You’ve Skipped a Couple of Periods
After ruling out pregnancy (and here’s where an app comes in handy) figure out exactly how many periods you’ve skipped. If it’s fewer than three periods, there’s no need to book an emergency appointment with your OB/GYN, according to Dr. Streicher. “Missing a period once in a while is no big deal,” she says. “A lot of times someone is going to miss her period for reasons, like stress or travel.” But, if your normal cycle has been disrupted for three months or more (a condition called amenorrhea), it’s time to take the money you’ve saved from not buying tampons over the past few months and use it to pony up for a co-pay to see your doctor.
You’re Spilling Much More Blood Than Usual
Heavier periods are the most high-maintenance kind. But, when they become a health concern is often indicated by the number of cubic centimeters (CCs) you bleed. Doctors often cite a total blood loss of 80 CCs as being a point at which further medical examination is necessary. But, it’s not like we’re going to measure the stuff, so Dr. Streicher suggests a more intuitive cue as far as how much is too much. “What I tell women who notice a big change in how much they bleed is to notice how many pads or tampons they’re using. If they were going through four or five pads or tampons a day and suddenly, they’re going through 10, that is something to get checked out,” she says.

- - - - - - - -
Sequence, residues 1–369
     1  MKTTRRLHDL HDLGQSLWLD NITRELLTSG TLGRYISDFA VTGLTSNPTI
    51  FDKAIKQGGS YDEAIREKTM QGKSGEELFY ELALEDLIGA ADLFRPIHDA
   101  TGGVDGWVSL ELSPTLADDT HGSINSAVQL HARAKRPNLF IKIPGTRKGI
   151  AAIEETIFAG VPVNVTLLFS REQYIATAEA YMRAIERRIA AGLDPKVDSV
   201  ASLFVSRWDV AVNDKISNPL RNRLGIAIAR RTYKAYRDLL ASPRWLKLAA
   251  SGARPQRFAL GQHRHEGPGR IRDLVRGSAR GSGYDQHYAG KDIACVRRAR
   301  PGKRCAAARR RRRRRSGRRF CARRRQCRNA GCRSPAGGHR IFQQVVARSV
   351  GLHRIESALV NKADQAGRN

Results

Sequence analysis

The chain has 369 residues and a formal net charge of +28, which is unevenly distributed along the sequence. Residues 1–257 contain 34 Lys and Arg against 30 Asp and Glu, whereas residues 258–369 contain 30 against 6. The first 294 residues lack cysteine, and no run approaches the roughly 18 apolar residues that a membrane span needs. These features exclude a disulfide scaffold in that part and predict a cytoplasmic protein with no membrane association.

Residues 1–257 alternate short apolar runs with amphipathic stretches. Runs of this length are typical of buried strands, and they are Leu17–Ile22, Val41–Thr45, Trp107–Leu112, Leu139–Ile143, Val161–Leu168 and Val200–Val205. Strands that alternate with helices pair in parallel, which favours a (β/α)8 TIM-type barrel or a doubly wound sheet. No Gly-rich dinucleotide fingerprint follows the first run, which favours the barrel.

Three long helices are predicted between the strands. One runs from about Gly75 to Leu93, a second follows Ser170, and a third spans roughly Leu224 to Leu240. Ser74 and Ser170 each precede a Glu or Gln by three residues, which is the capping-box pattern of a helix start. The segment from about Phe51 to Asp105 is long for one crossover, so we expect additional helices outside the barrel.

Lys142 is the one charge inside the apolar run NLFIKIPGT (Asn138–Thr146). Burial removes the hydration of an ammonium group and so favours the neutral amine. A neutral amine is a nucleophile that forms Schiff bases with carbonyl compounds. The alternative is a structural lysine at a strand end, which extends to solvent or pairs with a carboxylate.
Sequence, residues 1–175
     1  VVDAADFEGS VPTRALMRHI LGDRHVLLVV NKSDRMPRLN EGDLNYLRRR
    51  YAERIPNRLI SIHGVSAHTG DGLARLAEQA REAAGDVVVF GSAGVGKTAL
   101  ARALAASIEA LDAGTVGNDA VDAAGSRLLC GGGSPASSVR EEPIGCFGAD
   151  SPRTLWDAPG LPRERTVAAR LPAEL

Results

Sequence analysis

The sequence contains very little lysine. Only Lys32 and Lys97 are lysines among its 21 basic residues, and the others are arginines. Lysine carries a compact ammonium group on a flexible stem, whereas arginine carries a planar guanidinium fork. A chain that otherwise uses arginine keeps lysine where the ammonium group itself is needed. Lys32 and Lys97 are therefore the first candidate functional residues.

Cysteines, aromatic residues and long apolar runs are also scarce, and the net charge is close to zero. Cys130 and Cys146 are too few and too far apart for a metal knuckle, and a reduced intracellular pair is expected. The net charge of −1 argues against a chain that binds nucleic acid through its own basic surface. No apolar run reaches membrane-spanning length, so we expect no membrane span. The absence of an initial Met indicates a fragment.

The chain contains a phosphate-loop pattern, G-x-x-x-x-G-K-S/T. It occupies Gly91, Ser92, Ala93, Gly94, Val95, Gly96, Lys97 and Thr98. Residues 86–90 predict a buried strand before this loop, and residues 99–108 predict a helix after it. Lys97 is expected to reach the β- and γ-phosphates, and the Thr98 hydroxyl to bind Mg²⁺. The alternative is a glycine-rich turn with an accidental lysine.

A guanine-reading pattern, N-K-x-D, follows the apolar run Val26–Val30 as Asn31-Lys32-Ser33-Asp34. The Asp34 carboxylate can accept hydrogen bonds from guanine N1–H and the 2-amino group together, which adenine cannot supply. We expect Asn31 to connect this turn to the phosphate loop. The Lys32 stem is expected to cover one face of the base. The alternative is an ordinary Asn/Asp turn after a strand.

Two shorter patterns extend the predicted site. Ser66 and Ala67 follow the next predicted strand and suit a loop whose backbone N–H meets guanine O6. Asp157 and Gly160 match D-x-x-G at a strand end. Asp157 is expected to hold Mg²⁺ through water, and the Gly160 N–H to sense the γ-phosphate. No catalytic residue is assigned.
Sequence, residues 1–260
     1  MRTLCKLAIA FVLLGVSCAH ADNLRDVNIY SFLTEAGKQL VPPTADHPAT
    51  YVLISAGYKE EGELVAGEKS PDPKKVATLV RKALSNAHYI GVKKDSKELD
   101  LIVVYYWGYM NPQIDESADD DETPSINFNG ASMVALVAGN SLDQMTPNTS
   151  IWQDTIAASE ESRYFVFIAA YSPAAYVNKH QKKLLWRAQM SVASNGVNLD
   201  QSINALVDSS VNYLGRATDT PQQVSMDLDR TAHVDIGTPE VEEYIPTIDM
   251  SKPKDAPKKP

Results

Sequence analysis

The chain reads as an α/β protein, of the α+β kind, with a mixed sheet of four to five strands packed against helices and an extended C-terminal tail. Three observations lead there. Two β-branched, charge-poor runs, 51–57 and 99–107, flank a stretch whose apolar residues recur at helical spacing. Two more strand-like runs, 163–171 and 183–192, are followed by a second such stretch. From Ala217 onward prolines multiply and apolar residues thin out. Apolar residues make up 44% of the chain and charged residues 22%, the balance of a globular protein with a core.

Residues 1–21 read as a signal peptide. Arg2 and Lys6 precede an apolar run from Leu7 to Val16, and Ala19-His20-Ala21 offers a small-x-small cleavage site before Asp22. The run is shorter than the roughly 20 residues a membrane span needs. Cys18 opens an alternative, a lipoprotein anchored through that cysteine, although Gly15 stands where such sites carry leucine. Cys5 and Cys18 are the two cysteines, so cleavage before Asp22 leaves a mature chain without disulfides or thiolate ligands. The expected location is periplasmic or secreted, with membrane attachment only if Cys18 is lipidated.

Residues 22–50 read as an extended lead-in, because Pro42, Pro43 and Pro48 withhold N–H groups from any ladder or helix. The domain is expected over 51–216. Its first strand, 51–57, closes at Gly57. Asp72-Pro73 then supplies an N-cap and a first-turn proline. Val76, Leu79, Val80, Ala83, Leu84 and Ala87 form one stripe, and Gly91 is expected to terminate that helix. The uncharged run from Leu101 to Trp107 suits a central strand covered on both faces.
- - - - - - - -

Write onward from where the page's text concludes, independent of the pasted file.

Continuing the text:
You’re bleeding more than once a month.
Though it’s often stated that a “normal” period should come every 28 days, it’s perfectly normal to have one every 21 to 35 days. Women can even have a period only 14 days from her last and have nothing to worry about. “If this happens once in a blue moon, don't get crazed about it,” Dr. Streicher says. But, if you find that you’re bleeding every two weeks, then it’s a good idea to get that checked out, as bleeding between regular periods may indicate changes in hormone levels or even miscarriage.